How to Teach Phonics to Children?
The essential process of introducing children to phonics and phonics awareness involves learning the alphabet and letter sounds. You teach children to create (or blend) words, make different letter sounds, and follow sentences and accessible stories. You may call it instructing children about phonics. Let’s take a look at how to teach phonics to children.
It can be a logical progression for youngsters learning to read, developing pronunciation accuracy, and decoding words. This method of teaching also helps kids to spell correctly. Gradually, individual phonetic elements are led to creative annotations using this process and discovering new words by the child, which becomes an “automatic reflex.”
How to teach phonics to children?
Teaching phonics to children should take 10 to fifteen minutes daily. These “lessons” should happen over several short sessions every day – like 4 or 5 sessions lasting 3 to five minutes each. The lesson could also be longer; however, each session requires several minutes.
One way to start teaching phonics to children with ear training is to help them understand that words are made from small units of sounds or referred to as sounds, and after you add these sounds, a story is created. You can start with a short session, as mentioned. It needs some time during the day. The key, however, is consistency and patience.
During these short sessions, repeat the words slowly and clearly. You’ll also try this without telling the child that you’re just trying to show them. Take your child’s words daily and include verbal sentences in their sentences. For instance, if you want to ask your child to drink his milk, you’ll say: “Joe, D-R-I-N-K your M-ILK.”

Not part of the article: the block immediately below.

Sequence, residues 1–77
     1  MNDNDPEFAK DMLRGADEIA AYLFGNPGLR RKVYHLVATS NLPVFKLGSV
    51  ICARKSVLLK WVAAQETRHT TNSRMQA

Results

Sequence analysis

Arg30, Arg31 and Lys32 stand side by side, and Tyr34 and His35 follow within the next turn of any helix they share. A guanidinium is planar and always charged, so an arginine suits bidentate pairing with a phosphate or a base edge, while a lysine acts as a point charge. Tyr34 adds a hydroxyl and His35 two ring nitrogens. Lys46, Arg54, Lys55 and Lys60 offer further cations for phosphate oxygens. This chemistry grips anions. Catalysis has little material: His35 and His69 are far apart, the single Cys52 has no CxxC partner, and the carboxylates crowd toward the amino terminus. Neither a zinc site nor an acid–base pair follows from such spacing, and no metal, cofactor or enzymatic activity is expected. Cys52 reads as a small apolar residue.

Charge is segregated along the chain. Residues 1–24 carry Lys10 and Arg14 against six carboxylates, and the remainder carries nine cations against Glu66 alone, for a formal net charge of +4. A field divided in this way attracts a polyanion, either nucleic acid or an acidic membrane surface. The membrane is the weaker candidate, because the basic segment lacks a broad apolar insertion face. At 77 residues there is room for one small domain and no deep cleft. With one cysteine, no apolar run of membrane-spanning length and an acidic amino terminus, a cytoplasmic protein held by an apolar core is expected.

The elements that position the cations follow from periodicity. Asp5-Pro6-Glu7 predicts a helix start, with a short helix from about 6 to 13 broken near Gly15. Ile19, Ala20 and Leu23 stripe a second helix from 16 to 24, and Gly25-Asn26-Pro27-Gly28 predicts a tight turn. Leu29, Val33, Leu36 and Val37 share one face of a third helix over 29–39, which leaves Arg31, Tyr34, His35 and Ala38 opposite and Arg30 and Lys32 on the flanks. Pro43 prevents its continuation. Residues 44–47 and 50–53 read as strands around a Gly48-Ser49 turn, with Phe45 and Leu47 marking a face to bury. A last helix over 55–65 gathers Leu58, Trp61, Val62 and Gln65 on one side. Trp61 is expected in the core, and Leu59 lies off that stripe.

Drink and milk are spoken slowly and clearly. You can adjust the degree of sound dissociation to increase or decrease the problem. As a result, if Joe is having trouble remembering that D-R-I-N-K indicates drinking, you can simplify the situation by combining the word drinking with the word drink.
Alternatively, you might choose individual words and play a blended sound with your child. You tell the story slowly and try to guess what you’re saying to the person watching. This concept of words with different sounds can be difficult for your child to grasp in the beginning. Some children will pick it up quickly, while others may take longer. However, one certainty is that if you stick to it, your child will catch up.
Below are some sample words you’ll use to blend in together with your child.
hold on hold on
The first word is more fragmented than the second word, and it’ll be more difficult to extract sound from it. Please note that hyphens are used to indicate letter sounds rather than slashes.
I.e. J-U-M-P / J / U / M / P / P /
It is done to make things easier to read. However, once you read it, you don’t have to pronounce the letters’ names but say the letters’ sounds.
Even after your child understands this idea, this sort of ear training for phonics and phonics awareness should continue during the training process. It may be applied to words of increasing difficulty. Again, please always keep in mind that not all children can easily mix sounds to listen to a story, so you need to wait and drill for days, weeks, or months if necessary.
Consistency and frequency are the keys to success here, not sporadic bilingual sessions.
If you wish to be told a few simple step-by-step programs designed to show your children, you may move forward. In addition, we look forward to hearing your opinion through the comments. If you like this program, please tell us. Thank you for reading this article. You may send us your suggestions or experiences in the comments, and we will feel glad.
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